Despite the nine pages of 'Annex five' redacted under Section 9(2)(f)(iv) of the Official Information Act 1982, the latest Briefing to the Incoming Minister (BIM) from the Earthquake Commission (EQC) is a revealing document.
The BIM includes this hurry-up (within the bounds of airport security regulations) to the Minister responsible for EQC, Gerry Brownlee, to finalise the long-delayed review of the EQC Act, originally due for legislative update mid 2013:
"The review has been underway for just over two years," the BIM says. "There is a risk that as time passes, the insights and lessons learnt from Canterbury become harder to capture and address through legislative change."
Some of those lessons from Canterbury cover what EQC describes as its "operational response". Customer communication issues warrant a mention, as do the technical surprises thrown up by the various forms of ruination visited upon Christchurch in February 2011.
But, as the BIM notes, the Christchurch earthquake also prompted Treasury, in its 2014 'Investment Statement' to call for a more co-ordinated government approach to risk management.
(However, the Treasury report says, in a footnote, any financial "risk pooling" would probably exclude "specialised financial management entities such as the RBNZ or the CFIs [which includes the New Zealand Super Fund and ACC fund]".)
"Changes and improvements to the Crown's broader risk management framework could have implications for the way EQC undertakes its financial risk management activities," the BIM says.
For instance, the EQC may have to alter its reinsurance strategies or even change the "form in which NDF [National Disaster Fund] assets are held". The last point hints at an uncertain future for the NDF, which stood at about $6 billion before the Christchurch quakes.
According to the latest EQC 'Statement of Intent', the NDF held about $2.3 billion as at June 30 this year - mostly in cash (EQC has ceased its more complex funds management activities for now). The NDF will soon be emptied completely as the Christchurch rebuild ramps up.
However, even with the tripling of EQC insurance levy in 2012, which saw annual revenue collected jump from $86 million to the current $260 million, the NDF would take about 30 years to reach its pre-Christchurch level - barring any other major disaster.
The BIM says the government could raise the EQC levy further - a politically-difficult and probably inefficient move - or contribute cash directly to reboot the NDF.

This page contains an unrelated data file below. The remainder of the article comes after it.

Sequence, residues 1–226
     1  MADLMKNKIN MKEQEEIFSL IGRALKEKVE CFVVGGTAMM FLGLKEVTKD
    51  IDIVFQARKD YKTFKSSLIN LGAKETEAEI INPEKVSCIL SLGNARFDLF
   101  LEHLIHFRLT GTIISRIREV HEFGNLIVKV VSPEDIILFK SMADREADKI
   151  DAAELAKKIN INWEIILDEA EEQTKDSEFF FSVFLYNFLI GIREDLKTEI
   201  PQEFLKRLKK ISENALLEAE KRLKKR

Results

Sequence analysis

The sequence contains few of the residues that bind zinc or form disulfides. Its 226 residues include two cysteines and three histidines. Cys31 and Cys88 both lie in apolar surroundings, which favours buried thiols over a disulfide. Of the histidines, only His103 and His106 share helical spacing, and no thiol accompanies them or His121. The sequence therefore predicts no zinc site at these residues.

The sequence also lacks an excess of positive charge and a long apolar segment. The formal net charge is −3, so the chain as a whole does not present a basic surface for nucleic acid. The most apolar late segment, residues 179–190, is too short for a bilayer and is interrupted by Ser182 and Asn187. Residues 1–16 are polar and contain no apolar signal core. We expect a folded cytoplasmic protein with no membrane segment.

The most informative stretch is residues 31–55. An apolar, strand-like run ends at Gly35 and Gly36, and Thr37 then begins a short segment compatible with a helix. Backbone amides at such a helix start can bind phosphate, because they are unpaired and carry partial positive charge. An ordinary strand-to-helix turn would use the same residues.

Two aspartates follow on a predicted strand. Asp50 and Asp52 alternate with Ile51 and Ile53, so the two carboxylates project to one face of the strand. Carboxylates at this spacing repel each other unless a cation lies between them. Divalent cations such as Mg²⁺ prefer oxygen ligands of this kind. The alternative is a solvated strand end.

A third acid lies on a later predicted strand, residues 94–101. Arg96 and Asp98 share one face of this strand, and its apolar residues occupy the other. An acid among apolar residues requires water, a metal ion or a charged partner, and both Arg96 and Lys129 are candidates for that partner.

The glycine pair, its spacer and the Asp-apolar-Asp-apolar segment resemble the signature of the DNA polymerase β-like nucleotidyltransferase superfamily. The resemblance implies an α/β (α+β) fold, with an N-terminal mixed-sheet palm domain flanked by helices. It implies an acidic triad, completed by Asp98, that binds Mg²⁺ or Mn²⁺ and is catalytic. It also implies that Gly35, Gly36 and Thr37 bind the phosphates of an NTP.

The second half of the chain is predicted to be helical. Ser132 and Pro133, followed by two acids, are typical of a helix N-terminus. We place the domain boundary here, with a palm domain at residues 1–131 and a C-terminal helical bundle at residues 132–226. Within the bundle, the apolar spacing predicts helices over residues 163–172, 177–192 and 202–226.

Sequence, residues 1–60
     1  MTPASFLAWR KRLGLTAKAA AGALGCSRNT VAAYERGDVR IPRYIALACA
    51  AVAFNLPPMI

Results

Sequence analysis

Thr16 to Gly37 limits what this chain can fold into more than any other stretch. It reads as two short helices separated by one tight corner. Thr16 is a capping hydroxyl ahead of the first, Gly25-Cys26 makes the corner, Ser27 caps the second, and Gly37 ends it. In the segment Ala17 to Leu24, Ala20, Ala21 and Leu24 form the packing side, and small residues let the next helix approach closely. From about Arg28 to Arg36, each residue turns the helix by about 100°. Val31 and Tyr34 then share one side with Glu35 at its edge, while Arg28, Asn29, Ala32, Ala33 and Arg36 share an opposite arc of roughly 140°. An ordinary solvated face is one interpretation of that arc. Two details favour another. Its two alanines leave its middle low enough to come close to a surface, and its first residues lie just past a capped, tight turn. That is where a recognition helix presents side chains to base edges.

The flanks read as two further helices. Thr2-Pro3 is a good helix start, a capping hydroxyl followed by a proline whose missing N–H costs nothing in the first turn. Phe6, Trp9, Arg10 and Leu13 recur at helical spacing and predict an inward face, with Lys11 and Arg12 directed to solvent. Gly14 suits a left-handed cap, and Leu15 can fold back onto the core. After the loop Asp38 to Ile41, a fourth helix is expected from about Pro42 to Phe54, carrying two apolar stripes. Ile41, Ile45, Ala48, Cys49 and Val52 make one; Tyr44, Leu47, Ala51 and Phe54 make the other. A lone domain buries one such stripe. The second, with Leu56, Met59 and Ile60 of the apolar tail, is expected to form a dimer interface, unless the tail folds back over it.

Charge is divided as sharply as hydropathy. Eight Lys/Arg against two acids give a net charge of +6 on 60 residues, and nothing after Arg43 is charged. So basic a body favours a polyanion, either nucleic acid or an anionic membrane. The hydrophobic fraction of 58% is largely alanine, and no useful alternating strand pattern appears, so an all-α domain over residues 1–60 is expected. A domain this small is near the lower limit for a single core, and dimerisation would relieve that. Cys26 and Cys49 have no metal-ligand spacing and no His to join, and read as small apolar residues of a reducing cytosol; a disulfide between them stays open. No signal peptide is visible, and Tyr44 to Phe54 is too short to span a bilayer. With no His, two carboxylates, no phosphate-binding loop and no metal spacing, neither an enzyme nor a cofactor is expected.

"Direct investment would require a decision by Government to allocate financial resources to rebuilding the NDF now as opposed to spending on other priorities," the BIM says whimsically.
Until the NDF replenishes, the government would be on the hook anyway for the first $1.5 billion of disaster payouts before the current $4.5 billion of EQC reinsurance kicks in.
The BIM highlights further complications in EQC's disaster scenario planning: the recent change from 'full replacement' to 'sum insured' private house insurance could lead to lower EQC revenue, and; no-one has any idea of the exact nature of private house insurance (which is a pre-requisite for EQC cover) in NZ.
On that last point, EQC proposes "the establishment of a national insurance database" while acknowledging there might be concerns about "privacy of information, commercial sensitivity and ownership and management of information".
And while they were at it, the anonymous EQC BIM-creators also put it out there that the fundamental insurance structure of the organisation is up for review, with three choices on the table: the current 'first loss' approach; a 'co-insurance' model, where government and private insurers share losses proportionally, or; a 'reinsurance pool' approach "in which the government helps private insurers bear the aggregate costs associated with their policies after a disaster".
Please refer to 'Annex five' for further information.